The Tour takes on Roubaix
Neilson Powless hopes he can gain time on the Tour’s fifth stage
Neilson Powless doesn’t quite know what he is in for today
The fifth stage of the Tour de France will cross 11 of the roughest cobblestone sectors from Paris-Roubaix and, while Neilson is a climber, he can’t wait to try his luck on the rugged farm roads of Nord-Pas-de-Calais.
“I see it as an opportunity,” he says. “It is going to be pretty nuts. There is going to be a lot of fighting for position and jostling in the bunch. At the end of the day, some guys are going to come out in front and some guys are going to fall behind. If you are talented and fit and super strong, you are going to be there. Then, it will be a matter of how good you are at reading the bunch and how much risk you are willing to take.”
EF Education-EasyPost sports director Matti Breschel thinks that Neilson is going to be fine.
“I’m not too nervous about Neilson to be honest,” he says.
Matti was a classics rider himself and still loves the rough and tumble races that are held every spring on the worst farm roads in Belgium and northern France. Neilson might be more at home in the Pyrenées and Alps, but “he is a great bike handler, and he has got a great team to back him up,” Matti says.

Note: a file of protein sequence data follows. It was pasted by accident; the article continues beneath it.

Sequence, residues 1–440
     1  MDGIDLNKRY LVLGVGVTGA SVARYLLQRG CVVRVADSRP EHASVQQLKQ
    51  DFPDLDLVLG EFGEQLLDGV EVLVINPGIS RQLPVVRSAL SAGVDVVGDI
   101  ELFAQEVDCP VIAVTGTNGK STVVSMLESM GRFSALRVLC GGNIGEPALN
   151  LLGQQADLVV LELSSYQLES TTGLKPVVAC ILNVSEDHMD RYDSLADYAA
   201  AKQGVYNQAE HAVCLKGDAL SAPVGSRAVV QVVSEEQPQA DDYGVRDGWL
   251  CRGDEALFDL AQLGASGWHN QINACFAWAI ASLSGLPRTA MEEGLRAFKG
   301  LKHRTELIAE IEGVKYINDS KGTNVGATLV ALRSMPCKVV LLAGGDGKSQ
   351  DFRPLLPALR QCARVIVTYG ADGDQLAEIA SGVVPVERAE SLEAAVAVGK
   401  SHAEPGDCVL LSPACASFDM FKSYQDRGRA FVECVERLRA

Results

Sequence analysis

Jonas Rutsch finished 11th at Paris-Roubaix last season, while Alberto Bettiol is a Tour of Flanders champion. Stefan Bissegger loves racing on cobbles. So does Owain Doull. Magnus Cort is the Tour’s King of the Mountains right now, but he’s a classics rider at heart.
Whatever happens, they are going to be there for Neilson.
Nevertheless, it will be chaotic, especially if the wind is blowing. GC riders like Neilson will have to race on the limit and risk their overall chances to gain time on their rivals.
“The cobblestones are brutal, and anything can go wrong, so you just have to prepare for the worst,” Matti says. “Today will be a stage like no other in the Tour de France. You have to race the cobblestones from the front. We have a good team. The goal for Neilson is to get to Arenberg safely without losing time. A lot of GC guys are going to lose tomorrow.”
Neilson is determined not to be one of them.
“I am definitely just looking at it as an opportunity and hope that I have the skillset to get in the right place at the right time,” he says.
Neilson knows that if he can get in the right move on the cobblestones, he’ll be in a much stronger position when the Tour reaches his favourite terrain. By the end of the week, he'll be flying up mountains, but today he's got to race like a classics rider.